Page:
CFP: Across Europe, from early modern to present times. Migrant women and their unknown success stories

Beatrice Zucca Micheletto's picture
Type: 
Call for Papers
Date: 
May 7, 2021
Subject Fields: 
Art, Art History & Visual Studies, Economic History / Studies, Immigration & Migration History / Studies, Labor History / Studies, Women's & Gender History / Studies

The present collection of unknown stories is a complementary response to current initiatives that advantage personalities as part of an immigrational flow with influence on the European political and cultural arena. However, all these omit to include into the discussion the link between two factors (gender and migration), and do not recognize and interpret the specificity, outcomes, and impact of female transnational mobility.  Marie Curie represents a well-known example of the success a migrant woman had in the academia and in France. Born in 1867 as Marie Skłodowska in a Poland that was under the Russian Empire rule, she immigrated to France where she developed her career as a physicist and chemist. Marie Curie also founded two medical research institutes in both Poland (Warsaw) and France (Paris), thus indirectly recognizing the influence these cultures had on her. Through her discoveries and as a Nobel prize winner, Curie became a pioneer in her field of specialization. In mid-nineteenth century, in another corner of Europe, another Marie would become the symbol of a free Romania. Marie Grant, born in 1819 in Guernsey, Scotland, will come to the capital of nowadays Romania, Bucharest, as a governess to teach the children of a local official. Acquainted with the young generation of Romanians educated in the West, she was so much involved in the 1848 local revolution that Daniel Rosenthal represented Revolutionary Romania by painting her. This political activism is one side of her activity. Another one is as publicist and the founder of the first Romanian journal on child rearing and education (Mama și copilul - Mother and child). Both these Maries were highly inspirational for their times and receiving countries, but they also represent the tip of the iceberg as many other women like them thrived.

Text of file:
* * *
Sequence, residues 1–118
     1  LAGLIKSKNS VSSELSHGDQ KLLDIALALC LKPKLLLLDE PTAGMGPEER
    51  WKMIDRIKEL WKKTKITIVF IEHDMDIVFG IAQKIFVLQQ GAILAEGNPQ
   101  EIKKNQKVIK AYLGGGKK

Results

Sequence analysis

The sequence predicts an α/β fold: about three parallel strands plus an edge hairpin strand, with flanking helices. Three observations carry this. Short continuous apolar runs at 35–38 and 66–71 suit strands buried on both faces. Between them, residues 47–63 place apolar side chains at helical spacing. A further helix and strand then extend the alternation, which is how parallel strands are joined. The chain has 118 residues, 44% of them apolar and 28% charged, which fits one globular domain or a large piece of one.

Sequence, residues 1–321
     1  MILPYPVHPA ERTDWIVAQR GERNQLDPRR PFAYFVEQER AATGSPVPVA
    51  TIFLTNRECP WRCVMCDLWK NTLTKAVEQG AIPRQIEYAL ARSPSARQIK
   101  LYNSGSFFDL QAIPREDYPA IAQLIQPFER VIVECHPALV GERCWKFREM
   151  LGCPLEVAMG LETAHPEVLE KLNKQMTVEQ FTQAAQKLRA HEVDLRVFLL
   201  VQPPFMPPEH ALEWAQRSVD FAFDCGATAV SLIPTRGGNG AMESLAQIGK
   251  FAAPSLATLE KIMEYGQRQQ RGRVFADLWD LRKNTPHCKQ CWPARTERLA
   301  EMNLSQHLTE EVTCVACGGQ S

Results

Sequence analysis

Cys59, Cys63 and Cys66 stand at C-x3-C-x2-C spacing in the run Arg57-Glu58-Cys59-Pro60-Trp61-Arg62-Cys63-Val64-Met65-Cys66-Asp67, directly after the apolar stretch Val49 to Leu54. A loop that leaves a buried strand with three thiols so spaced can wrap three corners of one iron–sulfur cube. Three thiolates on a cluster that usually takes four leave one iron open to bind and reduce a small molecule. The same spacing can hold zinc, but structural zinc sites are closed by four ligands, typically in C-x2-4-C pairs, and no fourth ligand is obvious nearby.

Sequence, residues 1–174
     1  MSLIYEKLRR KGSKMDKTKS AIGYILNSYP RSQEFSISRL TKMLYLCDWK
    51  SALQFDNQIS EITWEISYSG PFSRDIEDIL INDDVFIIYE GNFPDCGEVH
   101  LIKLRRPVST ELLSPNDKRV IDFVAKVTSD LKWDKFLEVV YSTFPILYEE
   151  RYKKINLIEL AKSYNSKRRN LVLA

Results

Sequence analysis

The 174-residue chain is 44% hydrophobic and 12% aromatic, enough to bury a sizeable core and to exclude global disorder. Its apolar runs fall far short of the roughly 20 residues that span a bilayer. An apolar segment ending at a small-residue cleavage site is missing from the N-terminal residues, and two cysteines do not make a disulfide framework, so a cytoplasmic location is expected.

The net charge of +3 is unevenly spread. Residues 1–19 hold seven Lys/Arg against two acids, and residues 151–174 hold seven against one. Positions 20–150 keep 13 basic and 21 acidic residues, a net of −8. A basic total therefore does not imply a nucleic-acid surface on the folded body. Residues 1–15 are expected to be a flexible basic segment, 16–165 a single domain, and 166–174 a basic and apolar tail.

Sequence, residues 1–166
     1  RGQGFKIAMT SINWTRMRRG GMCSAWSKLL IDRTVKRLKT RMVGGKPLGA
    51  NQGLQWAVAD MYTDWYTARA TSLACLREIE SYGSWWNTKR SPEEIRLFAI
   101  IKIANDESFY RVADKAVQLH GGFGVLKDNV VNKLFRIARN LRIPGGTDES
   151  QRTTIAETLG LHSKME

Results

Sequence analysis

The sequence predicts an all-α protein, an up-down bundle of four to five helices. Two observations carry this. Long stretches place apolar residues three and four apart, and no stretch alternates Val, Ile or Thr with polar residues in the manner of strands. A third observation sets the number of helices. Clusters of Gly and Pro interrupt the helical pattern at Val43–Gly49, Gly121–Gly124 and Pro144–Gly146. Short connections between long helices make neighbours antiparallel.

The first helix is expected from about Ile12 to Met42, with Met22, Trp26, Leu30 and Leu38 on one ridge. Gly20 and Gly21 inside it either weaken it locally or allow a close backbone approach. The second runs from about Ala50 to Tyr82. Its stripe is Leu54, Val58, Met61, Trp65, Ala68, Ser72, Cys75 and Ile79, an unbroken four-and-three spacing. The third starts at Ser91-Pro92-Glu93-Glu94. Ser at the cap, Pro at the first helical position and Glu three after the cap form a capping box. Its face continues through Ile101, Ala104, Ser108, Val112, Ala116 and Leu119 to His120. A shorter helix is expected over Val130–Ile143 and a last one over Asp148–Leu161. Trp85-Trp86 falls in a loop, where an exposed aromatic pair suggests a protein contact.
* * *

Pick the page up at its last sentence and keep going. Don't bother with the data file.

The project takes a different approach and privileges those hidden stories of women who influenced local communities and structures but were either forgotten or marginalized in the face of what we might call an event-based history. These women do not have a Wikipedia page or if they have it is either short or incomplete. The aim of this collection of stories is to follow the entanglements between gender, migration, community and profession in order to highlight the routes for success on different labour markets and cultural arenas.

 

Biographies should refer to women who had a contribution in art, education, economy, welfare and culture in their receiving country. Other fields of action are also welcomed.

 

Such a story is made around the following elements:

  1. Biographical details that refer to places and dates of birth/death, family and acquaintances, educational background and so on. The context of each woman’s activity is also relevant and should be tackled.
  2. Migration route and motifs of migration. Marriage is not seen as an impediment as many women were active and influential despite their civil status (see the above examples).
  3. Professional or economic group to which she belongs. The relation between the woman and her economic / professional group should be clearly stated as well as the relevance of her example.
  4. Economic means. This aspect refers to those resources that helped the woman to succeed in her activity. It might be of a financial or of human nature.
  5. Achievements. Besides the significance for her social group, such a biography should highlight the woman’s accomplishments in why she remained important for the community / profession / society in general.
  6. References.

Authors who want to contribute should send a short presentation of each of their entries highlighting the significance of the biography and in what way it connects with the call (ca. 500 words/entry) by 7 May 2021 to the book coordinators:

 

Nicoleta Roman (‘Nicolae Iorga’ Institute of History & New Europe College, Bucharest):

nicoleta.roman.st@gmail.com

&

Beatrice Zucca Micheletto (University of Cambridge & University of Rouen-Normandy)

bz268@cam.ac.uk

Contact Info: 

Beatrice Zucca Micheletto and Nicoleta Roman (see cfp)